Our letter is published in today’s Guardian newspaper. You can read it here and below:
The Guardian, Letters, 23 September 2010.
George Monbiot is right to highlight politics as the main blocker to action on climate change (Climate change enlightenment was fun while it lasted. But now it’s dead, 21 September). It’s only a shame it’s taken him and many others so long to recognise what the evidence has been saying for some time.
Climate change is a long-term problem that requires short-term responses. Polls suggest that about two-thirds of people accept the role of humans in changing the climate, but tend not to prioritise it when at the checkout or ballot box. Thus while political and corporate rhetoric has increased in recent years, there have been few costly investments in new technology.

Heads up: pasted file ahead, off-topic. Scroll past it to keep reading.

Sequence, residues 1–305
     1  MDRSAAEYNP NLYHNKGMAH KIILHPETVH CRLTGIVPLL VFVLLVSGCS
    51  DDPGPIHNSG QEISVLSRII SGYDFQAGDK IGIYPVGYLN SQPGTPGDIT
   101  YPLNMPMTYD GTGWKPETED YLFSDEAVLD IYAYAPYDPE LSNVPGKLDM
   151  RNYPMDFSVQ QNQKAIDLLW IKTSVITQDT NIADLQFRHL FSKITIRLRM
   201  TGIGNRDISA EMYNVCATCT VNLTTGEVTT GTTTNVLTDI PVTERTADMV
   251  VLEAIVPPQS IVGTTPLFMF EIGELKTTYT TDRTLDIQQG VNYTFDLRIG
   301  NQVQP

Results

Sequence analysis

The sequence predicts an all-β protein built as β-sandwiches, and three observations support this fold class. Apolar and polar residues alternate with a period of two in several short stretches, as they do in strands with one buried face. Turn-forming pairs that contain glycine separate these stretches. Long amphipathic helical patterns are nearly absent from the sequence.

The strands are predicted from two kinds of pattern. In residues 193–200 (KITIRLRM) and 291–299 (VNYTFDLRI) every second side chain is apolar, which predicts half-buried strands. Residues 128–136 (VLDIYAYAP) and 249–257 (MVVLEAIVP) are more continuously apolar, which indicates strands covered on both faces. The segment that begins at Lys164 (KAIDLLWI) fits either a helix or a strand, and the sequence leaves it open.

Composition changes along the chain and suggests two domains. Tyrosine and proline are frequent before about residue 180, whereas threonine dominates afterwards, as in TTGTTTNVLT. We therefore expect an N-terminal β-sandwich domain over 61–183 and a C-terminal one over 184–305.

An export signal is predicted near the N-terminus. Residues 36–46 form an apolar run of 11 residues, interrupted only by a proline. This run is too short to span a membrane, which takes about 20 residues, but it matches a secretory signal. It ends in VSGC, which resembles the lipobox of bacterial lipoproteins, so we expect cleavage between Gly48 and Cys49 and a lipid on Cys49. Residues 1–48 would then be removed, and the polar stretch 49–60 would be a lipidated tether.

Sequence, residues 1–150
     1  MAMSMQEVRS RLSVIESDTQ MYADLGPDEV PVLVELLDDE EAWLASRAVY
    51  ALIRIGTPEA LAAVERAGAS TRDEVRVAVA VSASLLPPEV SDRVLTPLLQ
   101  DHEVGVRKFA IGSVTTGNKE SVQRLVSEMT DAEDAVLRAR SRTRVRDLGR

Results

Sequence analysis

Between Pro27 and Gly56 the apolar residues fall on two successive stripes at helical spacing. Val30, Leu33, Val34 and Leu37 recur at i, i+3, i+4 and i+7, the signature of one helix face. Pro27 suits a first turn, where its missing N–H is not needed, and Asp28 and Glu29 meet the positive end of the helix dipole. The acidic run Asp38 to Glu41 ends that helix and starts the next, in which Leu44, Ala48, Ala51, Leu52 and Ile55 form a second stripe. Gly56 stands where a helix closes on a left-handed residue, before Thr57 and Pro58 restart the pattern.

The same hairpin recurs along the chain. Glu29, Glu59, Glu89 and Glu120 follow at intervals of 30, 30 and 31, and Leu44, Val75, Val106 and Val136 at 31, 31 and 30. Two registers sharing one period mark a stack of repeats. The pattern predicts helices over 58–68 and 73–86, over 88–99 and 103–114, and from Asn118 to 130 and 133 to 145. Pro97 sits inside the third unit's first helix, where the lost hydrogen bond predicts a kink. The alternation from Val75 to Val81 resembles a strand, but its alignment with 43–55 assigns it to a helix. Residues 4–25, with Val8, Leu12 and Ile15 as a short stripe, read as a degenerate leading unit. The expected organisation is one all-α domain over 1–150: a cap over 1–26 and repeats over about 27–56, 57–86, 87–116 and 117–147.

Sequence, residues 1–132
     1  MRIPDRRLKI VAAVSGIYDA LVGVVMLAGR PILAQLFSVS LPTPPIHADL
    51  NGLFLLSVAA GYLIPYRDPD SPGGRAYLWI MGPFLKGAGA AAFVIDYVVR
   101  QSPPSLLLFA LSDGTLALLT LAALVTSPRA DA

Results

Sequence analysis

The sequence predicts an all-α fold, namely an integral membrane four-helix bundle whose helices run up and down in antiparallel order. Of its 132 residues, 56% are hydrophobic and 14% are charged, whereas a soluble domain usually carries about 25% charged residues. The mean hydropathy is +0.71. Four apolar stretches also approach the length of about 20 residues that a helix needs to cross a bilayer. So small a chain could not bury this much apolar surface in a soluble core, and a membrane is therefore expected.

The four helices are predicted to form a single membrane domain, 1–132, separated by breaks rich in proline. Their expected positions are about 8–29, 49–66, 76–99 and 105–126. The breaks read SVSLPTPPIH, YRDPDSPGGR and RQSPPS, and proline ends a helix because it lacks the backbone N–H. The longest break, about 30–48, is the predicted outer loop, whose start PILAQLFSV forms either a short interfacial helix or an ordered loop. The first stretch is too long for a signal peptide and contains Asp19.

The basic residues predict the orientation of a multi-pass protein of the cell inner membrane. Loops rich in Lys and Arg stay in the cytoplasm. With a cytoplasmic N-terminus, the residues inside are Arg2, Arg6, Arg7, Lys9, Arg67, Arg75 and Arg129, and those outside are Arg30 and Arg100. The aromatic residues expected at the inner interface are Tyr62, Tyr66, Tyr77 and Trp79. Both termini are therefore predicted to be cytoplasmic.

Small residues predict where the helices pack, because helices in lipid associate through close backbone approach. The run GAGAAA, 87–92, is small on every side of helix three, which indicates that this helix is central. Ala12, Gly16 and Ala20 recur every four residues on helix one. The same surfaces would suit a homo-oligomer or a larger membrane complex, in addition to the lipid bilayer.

Pushing for a grand, global agreement was a bold endeavour, but Monbiot is correct to observe that, at least for now, it is also a fruitless one, as politicians rightly feel the political space for high ambition is not yet available to them. That’s why on our politicalclimate.net blog we’ve been championing the concept of learning by doing things. It may not satisfy the carbon accountants and scenario geeks as much as top-down targets, but at least it’s concrete progress.
Andrew Pendleton senior research fellow, Matthew Lockwood associate director, Institute for Public Policy Research